Background: Autism Spectrum Disorders (ASD) is a disabling and lifelong neuro‑developmental disorder. Challeng‑ ing behaviours such as aggression and self injury are common maladaptive behaviours in ASD which adversely affect the mental health of both the affected children and their caregivers. Although there is evidence‑base for parent‑ delivered behavioural intervention for children with ASD and challenging behaviours, there is no published research on the feasibility of such an intervention in sub‑Saharan Africa. This study assessed the feasibility of parent‑mediated behavioural intervention for challenging behaviour in children with ASD in Nigeria. Methods: This was a pre‑post intervention pilot study involving 20 mothers of children with DSM‑5 diagnosis of ASD recruited from a Child and Adolescent Mental Health Service out‑patient Unit. All the mothers completed five ses‑ sions of weekly manualised group‑based intervention from March to April, 2015. The intervention included Functional Behavioural Analysis for each child followed by an individualised behaviour management plan. The primary outcome measure was the Aggression and Self Injury Questionnaire, which assessed both Aggression towards a Person and Property (APP) and Self Injurious Behaviour (SIB). The mothers' knowledge of the intervention content was the sec‑ ondary outcome. All outcome measures were completed at baseline and after the intervention. The mothers' level of satisfaction with the programme was also assessed. Treatment effect was evaluated with Wilcoxon Signed Rank Tests of baseline and post‑intervention scores on outcome measures. Results: The children were aged 3–17 years (mean = 10.7 years, SD 4.6 years), while their mothers' ages ranged from 32 to 52 years (mean 42.8 years, SD 6.4 years). The post intervention scores in all four domains of the APP and SIB were significantly reduced compared with pre‑intervention scores. The mothers' knowledge of the intervention content significantly increased post‑intervention. The intervention was well received with the vast majority (75 %) of partici‑ pants being very satisfied and all (100 %) were willing to recommend the programme to a friend whose child has similar difficulties. Conclusions: Parent‑mediated behavioural intervention is a feasible and promising treatment for challenging behav‑ iour in children with ASD in Nigeria. Behavioural intervention should be an integral component in scaling up services for children with ASD in Nigeria.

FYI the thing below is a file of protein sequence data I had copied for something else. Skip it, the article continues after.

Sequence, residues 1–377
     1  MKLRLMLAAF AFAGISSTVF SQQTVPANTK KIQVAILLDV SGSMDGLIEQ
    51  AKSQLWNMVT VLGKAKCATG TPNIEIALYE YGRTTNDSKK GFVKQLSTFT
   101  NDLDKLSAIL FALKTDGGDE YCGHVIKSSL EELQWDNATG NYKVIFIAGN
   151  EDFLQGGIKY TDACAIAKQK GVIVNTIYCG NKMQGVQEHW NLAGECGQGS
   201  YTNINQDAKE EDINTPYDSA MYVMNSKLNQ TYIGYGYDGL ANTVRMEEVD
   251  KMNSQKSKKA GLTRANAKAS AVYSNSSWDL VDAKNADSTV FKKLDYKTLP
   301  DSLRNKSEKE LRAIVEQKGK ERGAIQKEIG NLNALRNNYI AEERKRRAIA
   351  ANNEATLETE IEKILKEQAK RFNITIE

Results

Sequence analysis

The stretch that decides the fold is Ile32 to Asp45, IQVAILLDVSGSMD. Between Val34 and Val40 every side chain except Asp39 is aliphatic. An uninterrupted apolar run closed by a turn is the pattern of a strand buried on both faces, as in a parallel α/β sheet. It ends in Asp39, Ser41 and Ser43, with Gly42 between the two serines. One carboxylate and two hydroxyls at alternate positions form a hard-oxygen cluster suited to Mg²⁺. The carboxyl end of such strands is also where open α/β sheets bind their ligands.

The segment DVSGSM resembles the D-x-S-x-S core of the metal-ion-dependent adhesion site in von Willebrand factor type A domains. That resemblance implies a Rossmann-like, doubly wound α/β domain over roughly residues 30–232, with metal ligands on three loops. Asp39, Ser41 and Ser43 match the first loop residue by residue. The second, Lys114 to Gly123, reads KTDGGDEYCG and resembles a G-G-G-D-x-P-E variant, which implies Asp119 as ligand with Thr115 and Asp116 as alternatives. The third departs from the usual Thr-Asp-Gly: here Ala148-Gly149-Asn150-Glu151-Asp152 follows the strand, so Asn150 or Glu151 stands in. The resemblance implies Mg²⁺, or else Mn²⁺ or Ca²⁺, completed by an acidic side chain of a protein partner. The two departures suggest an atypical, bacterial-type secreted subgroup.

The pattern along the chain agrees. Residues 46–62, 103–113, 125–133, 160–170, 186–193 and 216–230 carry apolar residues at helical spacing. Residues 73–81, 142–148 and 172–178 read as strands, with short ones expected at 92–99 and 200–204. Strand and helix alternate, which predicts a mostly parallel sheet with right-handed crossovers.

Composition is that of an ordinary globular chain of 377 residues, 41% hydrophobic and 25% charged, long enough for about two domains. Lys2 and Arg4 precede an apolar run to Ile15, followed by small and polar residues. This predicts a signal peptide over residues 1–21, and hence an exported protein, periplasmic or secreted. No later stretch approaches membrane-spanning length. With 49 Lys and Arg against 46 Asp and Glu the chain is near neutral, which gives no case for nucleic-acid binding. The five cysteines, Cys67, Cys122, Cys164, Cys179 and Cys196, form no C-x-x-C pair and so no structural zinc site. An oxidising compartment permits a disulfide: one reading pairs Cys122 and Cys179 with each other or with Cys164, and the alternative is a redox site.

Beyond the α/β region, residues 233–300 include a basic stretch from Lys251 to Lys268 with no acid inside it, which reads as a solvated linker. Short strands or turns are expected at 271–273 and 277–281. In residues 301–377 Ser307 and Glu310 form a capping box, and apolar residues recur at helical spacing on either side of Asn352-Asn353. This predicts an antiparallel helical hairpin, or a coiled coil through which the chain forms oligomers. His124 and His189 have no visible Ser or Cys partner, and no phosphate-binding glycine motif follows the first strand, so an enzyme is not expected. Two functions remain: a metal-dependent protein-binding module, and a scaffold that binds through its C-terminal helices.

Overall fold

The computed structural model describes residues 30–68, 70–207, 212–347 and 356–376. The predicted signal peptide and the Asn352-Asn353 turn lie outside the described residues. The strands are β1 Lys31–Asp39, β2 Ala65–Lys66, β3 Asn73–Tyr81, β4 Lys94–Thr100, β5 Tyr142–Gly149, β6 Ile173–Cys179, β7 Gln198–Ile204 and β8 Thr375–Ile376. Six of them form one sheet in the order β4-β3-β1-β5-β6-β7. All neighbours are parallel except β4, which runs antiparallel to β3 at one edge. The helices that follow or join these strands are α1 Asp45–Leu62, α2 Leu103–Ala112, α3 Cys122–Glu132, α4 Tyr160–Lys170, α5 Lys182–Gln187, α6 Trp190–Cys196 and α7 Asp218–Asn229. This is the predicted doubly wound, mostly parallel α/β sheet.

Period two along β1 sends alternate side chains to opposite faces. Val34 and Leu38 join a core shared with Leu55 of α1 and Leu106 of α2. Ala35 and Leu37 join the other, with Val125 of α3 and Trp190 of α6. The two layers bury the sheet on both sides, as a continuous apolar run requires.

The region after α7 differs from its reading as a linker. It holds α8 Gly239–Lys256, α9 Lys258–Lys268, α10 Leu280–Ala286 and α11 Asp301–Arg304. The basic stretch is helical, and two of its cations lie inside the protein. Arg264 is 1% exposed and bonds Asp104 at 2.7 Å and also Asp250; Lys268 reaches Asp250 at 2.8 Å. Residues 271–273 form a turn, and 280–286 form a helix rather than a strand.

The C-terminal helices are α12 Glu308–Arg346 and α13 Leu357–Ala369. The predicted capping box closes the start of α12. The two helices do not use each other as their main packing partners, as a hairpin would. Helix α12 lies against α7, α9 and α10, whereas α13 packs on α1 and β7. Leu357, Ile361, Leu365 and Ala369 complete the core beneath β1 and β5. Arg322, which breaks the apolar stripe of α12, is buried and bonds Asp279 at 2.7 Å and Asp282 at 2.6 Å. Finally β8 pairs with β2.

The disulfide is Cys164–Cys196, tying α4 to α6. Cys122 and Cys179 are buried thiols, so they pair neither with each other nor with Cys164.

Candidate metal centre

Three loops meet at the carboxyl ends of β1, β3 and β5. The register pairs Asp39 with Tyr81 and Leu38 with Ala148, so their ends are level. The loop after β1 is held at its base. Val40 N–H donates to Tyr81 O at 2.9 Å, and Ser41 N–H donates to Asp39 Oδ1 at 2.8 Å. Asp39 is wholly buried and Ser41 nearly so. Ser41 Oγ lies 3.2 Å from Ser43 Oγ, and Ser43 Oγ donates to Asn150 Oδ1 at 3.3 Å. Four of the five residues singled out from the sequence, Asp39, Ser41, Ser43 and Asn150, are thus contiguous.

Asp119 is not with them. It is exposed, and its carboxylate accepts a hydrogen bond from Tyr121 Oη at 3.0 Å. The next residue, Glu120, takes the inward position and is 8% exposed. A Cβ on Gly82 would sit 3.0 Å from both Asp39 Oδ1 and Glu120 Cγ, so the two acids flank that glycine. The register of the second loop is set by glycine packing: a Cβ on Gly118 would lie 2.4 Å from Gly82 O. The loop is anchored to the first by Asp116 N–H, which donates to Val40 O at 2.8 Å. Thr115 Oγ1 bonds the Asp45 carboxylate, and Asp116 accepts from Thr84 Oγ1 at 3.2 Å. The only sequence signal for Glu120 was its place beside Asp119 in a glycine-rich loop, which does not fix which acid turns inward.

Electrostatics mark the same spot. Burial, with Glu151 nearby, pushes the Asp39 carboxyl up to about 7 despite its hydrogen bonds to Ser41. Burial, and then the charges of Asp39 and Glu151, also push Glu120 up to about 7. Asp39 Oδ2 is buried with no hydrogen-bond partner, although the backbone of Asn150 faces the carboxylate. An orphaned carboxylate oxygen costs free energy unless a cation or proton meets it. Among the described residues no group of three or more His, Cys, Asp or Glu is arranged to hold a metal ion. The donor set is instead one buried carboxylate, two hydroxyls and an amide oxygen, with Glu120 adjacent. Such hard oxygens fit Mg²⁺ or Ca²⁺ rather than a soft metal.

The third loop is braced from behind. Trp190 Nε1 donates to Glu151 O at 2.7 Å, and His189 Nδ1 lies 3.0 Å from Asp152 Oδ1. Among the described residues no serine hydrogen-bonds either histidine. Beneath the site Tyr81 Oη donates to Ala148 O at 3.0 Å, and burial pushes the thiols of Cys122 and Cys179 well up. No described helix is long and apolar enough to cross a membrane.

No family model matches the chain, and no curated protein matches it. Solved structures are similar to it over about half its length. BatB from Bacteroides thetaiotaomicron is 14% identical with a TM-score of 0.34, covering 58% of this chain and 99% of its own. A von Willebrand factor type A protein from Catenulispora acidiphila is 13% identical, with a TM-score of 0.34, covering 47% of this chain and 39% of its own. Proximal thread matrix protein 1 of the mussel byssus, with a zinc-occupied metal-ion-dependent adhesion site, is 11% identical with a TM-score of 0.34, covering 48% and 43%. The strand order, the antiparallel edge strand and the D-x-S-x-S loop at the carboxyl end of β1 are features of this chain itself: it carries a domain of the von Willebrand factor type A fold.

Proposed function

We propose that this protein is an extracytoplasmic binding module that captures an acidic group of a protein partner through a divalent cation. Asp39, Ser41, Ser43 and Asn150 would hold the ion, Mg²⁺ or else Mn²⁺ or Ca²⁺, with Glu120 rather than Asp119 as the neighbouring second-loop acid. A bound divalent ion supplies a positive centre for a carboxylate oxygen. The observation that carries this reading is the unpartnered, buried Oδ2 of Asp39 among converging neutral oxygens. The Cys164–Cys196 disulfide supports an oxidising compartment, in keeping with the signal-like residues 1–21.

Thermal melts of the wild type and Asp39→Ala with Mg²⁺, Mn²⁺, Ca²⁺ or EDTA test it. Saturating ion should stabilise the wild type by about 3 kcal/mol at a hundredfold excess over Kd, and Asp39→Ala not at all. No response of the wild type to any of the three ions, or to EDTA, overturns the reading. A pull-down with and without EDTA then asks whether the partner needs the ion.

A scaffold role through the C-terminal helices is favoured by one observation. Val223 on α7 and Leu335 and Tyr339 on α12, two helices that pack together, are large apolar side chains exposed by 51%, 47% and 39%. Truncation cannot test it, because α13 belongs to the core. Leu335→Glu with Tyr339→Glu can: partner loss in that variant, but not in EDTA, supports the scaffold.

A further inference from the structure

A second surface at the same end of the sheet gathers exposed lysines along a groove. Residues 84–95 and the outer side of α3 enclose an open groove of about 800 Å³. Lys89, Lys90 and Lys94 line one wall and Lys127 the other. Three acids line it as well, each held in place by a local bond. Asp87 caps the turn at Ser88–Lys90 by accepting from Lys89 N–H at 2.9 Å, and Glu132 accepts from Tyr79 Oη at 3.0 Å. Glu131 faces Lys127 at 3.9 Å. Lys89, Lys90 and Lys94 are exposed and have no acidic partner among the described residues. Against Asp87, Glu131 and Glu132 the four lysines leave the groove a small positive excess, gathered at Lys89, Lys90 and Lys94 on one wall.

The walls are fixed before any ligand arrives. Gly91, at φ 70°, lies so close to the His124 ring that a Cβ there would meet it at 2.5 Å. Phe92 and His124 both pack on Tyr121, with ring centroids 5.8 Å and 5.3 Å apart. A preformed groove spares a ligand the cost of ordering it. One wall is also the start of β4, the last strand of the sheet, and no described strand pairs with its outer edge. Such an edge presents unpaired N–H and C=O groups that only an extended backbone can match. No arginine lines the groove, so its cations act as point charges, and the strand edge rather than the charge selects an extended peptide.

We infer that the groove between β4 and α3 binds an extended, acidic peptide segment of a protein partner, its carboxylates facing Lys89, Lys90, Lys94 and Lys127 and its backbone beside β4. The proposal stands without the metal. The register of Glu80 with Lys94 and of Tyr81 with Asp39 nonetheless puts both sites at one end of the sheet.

Bello‑mojeed, M., Ani, C., Lagunju, I., & Omigbodun, O. (2016). Feasibility of parent‑mediated behavioural intervention for behavioural problems in children with Autism Spectrum Disorder in Nigeria: a pilot study Child and Adolescent Psychiatry and Mental Health. Child and Adolescent Psychiatry and Mental Health, 10(10). https://doi.org/10.1186/s13034‑016‑0117‑4